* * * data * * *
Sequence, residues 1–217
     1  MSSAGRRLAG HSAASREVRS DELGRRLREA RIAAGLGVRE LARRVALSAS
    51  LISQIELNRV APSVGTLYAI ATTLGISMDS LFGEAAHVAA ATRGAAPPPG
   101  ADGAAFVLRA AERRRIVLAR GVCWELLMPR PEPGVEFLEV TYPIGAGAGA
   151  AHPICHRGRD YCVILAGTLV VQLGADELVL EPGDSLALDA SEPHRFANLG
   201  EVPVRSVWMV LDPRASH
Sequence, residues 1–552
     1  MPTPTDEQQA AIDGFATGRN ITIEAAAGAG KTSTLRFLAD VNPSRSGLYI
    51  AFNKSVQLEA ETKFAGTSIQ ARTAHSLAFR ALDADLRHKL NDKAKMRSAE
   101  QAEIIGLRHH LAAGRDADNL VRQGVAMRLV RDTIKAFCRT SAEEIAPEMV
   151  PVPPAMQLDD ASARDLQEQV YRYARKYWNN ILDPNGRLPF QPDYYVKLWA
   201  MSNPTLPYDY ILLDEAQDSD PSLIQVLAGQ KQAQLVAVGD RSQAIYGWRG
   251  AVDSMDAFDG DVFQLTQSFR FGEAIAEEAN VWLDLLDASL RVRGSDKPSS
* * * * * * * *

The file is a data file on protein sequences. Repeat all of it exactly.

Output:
Sequence, residues 1–217
     1  MSSAGRRLAG HSAASREVRS DELGRRLREA RIAAGLGVRE LARRVALSAS
    51  LISQIELNRV APSVGTLYAI ATTLGISMDS LFGEAAHVAA ATRGAAPPPG
   101  ADGAAFVLRA AERRRIVLAR GVCWELLMPR PEPGVEFLEV TYPIGAGAGA
   151  AHPICHRGRD YCVILAGTLV VQLGADELVL EPGDSLALDA SEPHRFANLG
   201  EVPVRSVWMV LDPRASH
Sequence, residues 1–552
     1  MPTPTDEQQA AIDGFATGRN ITIEAAAGAG KTSTLRFLAD VNPSRSGLYI
    51  AFNKSVQLEA ETKFAGTSIQ ARTAHSLAFR ALDADLRHKL NDKAKMRSAE
   101  QAEIIGLRHH LAAGRDADNL VRQGVAMRLV RDTIKAFCRT SAEEIAPEMV
   151  PVPPAMQLDD ASARDLQEQV YRYARKYWNN ILDPNGRLPF QPDYYVKLWA
   201  MSNPTLPYDY ILLDEAQDSD PSLIQVLAGQ KQAQLVAVGD RSQAIYGWRG
   251  AVDSMDAFDG DVFQLTQSFR FGEAIAEEAN VWLDLLDASL RVRGSDKPSS